Struggling with Spirit

Insite on the decline of comradery and advice on a solution

Nicolette Harrison, Student Writer

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In our school handbook it states, “students, faculty, and administration share a responsibility to develop and
maintain a climate within the school that is conducive to learning and good citizenship,” although, most of us can
agree there is a lack of school spirit that contributes towards keeping the climate conducive to learning and good citizenship. According to, high school students with school spirit perform better academically and are
more engaged in social and civic manners, so why do we hesitate to improve our school spirit? Kaleb Rush, one of the P-block and gang green leaders, offers simple fixes to improve our school spirit, “I believe that there should be school spirit days monthly. Along with these school spirit days there would be different games/activities that could be going on around the school.” With just a little more focus on spirit and student involvement, students could have a more memorable time during their high school years.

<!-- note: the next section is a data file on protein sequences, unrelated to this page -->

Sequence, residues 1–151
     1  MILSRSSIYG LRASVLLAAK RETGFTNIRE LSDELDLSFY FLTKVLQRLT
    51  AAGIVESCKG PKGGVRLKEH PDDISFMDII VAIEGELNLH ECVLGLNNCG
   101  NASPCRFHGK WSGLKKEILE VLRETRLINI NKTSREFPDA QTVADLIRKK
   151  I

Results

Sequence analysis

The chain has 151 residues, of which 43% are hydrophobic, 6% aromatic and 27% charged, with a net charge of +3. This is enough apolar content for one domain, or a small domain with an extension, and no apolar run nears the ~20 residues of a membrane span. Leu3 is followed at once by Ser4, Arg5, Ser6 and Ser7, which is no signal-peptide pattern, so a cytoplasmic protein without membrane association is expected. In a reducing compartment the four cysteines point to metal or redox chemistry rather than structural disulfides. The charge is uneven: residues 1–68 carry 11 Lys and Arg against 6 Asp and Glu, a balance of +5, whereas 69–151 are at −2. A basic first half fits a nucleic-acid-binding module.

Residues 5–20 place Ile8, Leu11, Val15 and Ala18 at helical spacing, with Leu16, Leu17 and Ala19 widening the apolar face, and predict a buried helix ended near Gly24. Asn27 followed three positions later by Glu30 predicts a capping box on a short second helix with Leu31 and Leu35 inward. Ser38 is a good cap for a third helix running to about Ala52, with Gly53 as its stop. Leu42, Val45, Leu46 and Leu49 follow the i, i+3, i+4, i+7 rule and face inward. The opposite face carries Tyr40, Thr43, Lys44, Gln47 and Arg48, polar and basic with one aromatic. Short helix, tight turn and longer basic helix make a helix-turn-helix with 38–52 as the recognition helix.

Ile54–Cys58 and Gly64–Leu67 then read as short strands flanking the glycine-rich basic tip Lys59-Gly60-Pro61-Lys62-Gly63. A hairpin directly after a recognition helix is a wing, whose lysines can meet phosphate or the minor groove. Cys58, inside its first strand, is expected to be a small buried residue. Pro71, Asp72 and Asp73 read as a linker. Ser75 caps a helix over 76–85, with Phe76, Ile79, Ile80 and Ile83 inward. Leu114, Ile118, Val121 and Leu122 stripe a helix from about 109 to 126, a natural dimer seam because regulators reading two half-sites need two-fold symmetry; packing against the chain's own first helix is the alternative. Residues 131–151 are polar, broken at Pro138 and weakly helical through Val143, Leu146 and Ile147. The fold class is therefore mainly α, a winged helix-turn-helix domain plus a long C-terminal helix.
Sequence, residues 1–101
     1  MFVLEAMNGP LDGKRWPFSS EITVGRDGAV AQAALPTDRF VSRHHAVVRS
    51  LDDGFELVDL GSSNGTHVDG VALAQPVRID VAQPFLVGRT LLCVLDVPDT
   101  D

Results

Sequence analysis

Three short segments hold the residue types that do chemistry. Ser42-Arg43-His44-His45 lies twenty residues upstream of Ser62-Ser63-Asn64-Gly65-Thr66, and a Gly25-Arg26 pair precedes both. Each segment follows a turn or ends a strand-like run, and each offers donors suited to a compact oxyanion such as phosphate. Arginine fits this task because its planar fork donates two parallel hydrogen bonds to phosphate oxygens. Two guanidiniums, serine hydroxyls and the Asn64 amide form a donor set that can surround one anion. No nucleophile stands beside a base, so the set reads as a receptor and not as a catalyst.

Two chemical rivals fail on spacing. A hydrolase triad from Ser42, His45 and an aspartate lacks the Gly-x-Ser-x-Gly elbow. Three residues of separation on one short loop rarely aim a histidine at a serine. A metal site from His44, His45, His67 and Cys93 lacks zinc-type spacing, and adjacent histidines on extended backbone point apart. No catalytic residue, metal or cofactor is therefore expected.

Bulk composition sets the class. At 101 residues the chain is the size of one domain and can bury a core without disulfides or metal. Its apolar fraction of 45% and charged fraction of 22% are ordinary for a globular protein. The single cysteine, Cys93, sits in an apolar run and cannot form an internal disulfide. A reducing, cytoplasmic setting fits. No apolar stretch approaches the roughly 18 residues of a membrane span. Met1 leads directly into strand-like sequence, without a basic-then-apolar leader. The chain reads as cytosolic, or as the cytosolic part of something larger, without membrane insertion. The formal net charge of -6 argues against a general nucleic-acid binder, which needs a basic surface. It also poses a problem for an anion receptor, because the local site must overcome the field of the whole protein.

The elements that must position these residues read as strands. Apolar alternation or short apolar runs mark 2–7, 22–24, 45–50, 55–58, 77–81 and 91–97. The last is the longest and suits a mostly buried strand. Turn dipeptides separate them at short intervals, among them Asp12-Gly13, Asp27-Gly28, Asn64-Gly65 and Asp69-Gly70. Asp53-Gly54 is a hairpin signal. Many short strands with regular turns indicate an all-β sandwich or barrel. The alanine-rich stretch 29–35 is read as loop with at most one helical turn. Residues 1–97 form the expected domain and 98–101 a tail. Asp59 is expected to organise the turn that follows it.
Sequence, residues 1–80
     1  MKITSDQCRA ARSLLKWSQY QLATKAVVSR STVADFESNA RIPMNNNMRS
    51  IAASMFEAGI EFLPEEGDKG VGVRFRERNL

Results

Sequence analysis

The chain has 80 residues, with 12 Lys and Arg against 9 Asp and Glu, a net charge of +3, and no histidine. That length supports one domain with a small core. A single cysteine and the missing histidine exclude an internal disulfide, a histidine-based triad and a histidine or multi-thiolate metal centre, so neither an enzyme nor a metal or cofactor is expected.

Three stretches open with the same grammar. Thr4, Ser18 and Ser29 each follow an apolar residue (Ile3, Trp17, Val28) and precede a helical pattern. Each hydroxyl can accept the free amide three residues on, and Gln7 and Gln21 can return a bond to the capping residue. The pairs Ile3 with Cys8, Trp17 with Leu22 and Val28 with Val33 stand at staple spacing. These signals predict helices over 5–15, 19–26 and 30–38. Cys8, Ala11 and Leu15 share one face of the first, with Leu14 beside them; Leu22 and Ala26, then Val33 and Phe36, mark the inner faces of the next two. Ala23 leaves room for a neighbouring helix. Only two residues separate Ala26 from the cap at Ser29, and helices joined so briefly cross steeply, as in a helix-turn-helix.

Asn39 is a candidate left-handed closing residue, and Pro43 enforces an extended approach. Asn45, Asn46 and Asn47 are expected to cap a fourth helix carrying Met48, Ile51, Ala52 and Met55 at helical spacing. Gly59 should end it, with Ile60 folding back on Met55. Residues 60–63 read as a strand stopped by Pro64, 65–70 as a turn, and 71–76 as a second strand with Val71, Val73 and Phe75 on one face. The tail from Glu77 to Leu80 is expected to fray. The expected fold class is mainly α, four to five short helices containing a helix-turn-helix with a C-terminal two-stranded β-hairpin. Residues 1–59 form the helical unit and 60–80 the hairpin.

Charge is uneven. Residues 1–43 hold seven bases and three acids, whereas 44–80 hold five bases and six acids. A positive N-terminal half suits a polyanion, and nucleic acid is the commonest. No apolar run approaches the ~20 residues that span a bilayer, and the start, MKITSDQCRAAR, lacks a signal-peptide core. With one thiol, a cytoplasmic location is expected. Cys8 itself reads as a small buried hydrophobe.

This year, there were a few hiccups that set our school spirit back. For example, the pep rally was taken away. Instead of simply taking it away, changes could have been made to make it better. Another example is how there were spirit days the week of homecoming and it was not made a priority to make students aware of them, which in reverse, could have made the week more exciting. Mrs. Saylor is avid for school spirit, staying involved and attending many school events. She agrees that there wasn’t enough publicizing and she only noticed signs posted at the cafeteria and in the administration office.

A piece of advice from Mrs. Saylor, would be putting announcements on the daily ramble. Furthermore, a suggestion that I have thrown around, is having a group of well- liked and well-known students participate in all the spirits so that way, they can advertise it to their friends. The more students who do it, the more will follow.

It’s obvious our school spirit isn’t up to par. It takes planning, administration and students to fix this. When Speaking to Mrs. Saylor she was unsure of any events or activities being planned for the rest of the year and that stands out as a red flag. “Making students experience more enjoyable starts with being proud of the school you belong to,” says Mr. Plawa, head of the ski and board club, teacher and former North Penn student. He reminisced on being proud to be at North Penn, along with the rest of his peers. Students at Pennridge should feel the same. Let’s make Pennridge great again!